The domestication of the dog some 12 to 14,000 years ago has undoubtedly been of great benefit to humans. From a Darwinian perspective wolves that started to cohabit with humans made a smart choice given the nearly ubiquitous distribution of dogs around the world today compared to the patchy distribution and small population of wolves. The human:dog relationship may be as close as pampered and cosseted lap dogs to strays and feral dogs which live a precarious existence on the fringes of human society. The diversity of breeds of dogs and uses to which we put them may lead to their exposure to infectious organisms and their unwitting participation in the transmission of over 60 zoonotic infections (Hubbert et al., 1975; Baxter and Leck 1984) Human behaviour plays a pivotal role in the perpetuation of tapeworm or cestode infections in dogs and their zoonotic importance in humans being transmitted through the inadvertent ingestion of eggs (Macpherson et al., 2000).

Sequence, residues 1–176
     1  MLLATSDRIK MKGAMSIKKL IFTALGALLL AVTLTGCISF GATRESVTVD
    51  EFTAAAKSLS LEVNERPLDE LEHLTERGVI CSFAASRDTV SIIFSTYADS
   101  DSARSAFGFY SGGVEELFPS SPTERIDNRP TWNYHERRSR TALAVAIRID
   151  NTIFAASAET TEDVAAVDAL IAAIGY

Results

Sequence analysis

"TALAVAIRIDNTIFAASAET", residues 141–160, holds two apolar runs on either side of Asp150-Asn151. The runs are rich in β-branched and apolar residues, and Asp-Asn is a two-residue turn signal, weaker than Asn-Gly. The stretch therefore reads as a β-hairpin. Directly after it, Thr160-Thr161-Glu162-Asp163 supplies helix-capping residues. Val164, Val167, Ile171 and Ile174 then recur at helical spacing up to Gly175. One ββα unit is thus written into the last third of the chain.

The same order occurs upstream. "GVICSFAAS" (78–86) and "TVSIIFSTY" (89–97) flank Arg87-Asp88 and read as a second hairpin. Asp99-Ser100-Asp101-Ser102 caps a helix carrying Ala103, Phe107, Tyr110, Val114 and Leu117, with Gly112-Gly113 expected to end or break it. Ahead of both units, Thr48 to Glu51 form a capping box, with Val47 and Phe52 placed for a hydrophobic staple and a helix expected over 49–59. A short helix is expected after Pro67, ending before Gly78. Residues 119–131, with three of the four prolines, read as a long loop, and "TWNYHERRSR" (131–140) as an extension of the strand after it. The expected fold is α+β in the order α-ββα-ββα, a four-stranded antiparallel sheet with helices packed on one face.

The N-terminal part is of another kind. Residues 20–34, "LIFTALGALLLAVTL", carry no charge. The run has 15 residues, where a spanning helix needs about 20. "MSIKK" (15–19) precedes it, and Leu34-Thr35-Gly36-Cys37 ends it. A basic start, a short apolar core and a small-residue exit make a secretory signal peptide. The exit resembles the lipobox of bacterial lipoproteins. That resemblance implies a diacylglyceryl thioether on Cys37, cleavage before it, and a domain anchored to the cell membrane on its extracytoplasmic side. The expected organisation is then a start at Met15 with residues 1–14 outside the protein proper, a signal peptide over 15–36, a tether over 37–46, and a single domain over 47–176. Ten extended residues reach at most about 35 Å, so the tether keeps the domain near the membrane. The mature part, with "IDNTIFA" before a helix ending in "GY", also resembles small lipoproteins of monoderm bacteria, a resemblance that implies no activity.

This chapter reviews the complex role dogs play in the cestode zoonoses with a focus on the most important from a public health point of view, including Echinococcus granulosus and E. multilocularis, to less common Echinococcus spp, Diphyllobothrium spp., Dipylidium sp., Taenia spp, Spirometra spp. and Mesocestoides spp.